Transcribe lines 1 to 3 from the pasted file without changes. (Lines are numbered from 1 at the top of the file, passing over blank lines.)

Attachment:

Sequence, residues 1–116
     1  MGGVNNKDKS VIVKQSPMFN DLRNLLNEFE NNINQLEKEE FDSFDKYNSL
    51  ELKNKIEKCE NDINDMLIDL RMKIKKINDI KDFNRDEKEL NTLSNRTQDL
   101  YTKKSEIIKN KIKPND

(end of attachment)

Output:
Sequence, residues 1–116
     1  MGGVNNKDKS VIVKQSPMFN DLRNLLNEFE NNINQLEKEE FDSFDKYNSL
    51  ELKNKIEKCE NDINDMLIDL RMKIKKINDI KDFNRDEKEL NTLSNRTQDL